But let’s talk about the cars themselves, and what I think they should be like. Have you ever noticed how Volkswagen almost never makes a facelift, but they make incremental steps to stay competitive, every year if possible. It’s about technology, and Opel also needs to be spending more money to develop technologies that can be made global, such as standard entertainment and navigation systems (their current ones are pixelated and boring), sporty and economical DSG gearboxes for small cars, self-parking systems and active safety devices.

But it’s a fine line they have to tread: competitive markets means Opels needs to be as affordable as Kias or Hondas. At the same time, the quality needs to be put back into the cars. I don’t know if you’ve noticed, but small cars are increasingly getting big car toys. It’s a trend that can best be explained with an imaginary person. Let’s say Gustav is 50 and from Austria. He’s been driving around in the same VW Passat for the past 12 years, and when it came time to put it out to pasture, he bought a new VW Up! or Polo because he doesn’t go out of town any more.

So as to remind him of the big car he traded in, the Up! had to be just as well built and equipped, but much more economical. The Corsa might do the economy part well enough, but isn’t quite “German” enough on the inside. No matter what they did, I never completely loved Opel's interiors, and for some reason I could never shake the feeling their designers wear tweed and never read architecture and fashion magazines.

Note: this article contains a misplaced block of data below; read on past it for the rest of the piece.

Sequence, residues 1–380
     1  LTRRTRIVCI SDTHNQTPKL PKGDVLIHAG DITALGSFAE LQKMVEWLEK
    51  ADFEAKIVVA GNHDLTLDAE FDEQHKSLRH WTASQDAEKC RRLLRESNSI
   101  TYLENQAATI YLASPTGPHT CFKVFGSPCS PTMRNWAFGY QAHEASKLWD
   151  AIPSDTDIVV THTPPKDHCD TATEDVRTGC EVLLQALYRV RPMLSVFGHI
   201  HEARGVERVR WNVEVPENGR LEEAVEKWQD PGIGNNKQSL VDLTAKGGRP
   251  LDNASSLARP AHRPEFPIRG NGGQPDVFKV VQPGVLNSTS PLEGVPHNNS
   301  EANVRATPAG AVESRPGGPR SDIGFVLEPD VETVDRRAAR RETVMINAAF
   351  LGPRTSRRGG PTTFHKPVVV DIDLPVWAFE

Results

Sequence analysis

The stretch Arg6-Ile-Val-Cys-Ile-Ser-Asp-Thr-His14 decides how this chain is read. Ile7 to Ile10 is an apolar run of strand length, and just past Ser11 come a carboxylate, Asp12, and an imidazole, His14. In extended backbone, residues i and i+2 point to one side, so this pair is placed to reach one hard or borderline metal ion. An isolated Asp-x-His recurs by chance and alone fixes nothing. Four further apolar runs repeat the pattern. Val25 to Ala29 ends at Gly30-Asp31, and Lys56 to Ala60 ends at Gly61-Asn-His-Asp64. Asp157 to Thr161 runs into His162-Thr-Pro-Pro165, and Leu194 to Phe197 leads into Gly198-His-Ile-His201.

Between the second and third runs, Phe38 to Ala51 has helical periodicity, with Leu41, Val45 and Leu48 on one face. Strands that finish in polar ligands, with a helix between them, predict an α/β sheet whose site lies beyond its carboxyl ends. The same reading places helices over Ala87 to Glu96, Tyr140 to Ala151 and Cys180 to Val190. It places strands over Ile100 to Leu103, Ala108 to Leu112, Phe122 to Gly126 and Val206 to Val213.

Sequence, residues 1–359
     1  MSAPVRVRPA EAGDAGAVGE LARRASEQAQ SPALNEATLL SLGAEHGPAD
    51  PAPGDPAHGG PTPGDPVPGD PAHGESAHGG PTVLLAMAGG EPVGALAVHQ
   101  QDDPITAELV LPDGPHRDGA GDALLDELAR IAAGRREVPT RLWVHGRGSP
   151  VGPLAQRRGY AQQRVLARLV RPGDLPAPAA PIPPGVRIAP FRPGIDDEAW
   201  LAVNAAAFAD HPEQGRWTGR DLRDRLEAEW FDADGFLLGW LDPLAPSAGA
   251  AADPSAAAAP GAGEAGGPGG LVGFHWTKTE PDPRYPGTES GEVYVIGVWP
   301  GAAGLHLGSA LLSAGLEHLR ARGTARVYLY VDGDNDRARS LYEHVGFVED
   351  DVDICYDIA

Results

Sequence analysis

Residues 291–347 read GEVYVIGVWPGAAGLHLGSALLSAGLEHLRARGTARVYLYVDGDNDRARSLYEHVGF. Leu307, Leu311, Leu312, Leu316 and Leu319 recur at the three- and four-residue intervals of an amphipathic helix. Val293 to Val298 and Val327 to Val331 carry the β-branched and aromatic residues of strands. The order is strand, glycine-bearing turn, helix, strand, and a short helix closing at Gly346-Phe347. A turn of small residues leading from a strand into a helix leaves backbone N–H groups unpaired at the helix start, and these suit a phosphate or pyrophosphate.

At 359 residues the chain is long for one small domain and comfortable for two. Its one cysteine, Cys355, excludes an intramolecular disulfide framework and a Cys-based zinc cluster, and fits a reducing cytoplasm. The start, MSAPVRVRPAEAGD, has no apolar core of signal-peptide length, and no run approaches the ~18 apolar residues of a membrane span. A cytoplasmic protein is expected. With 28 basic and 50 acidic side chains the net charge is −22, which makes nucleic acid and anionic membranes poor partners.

If I’m honest, fast cars play no part in Opel’s revival. But I have to take this opportunity to talk about how they are approaching this. You see, ever European carmaker has a line of fast, sporty cars, instantly recognizable and more desirable. But Opel’s lineup has just three cars, and they are all very flawed in my mind.

Starting with the Corsa OPC, this car has been using a 1.6-liter turbo since before it was cool, and that's very good. But despite its attractive looks, it never managed to feel connected, yet what they’re asking for it makes it sound like it’s the most complete package in the world - the normal Corsa OPC costs EUR 24,100 in Germany, while the Nurburgring Edition is EUR 28,100. That’s more than a MINI Cooper S!

It’s much the same story with the Astra OPC and Insignia OPC. The new Astra OPC is EUR 34,250 in its home market, which is sort of BMW 3-Series money. Meanwhile the Insignia OPC can cost as much as EUR 51,000 for an estate with an automatic. That will get you a lot of Audi A4, with S tronic and class-leading luxury.

So to sum it all up, Opels are expensive, boring, dated, thirsty and not German enough. At the same time, they have some of the best engines at GM, the most advanced platforms and the most experience making B- and C-segment cars. There’s lots to do, and not a lot of changes to get it right, so get cracking leute. All you have to do is make good cars… that’s all.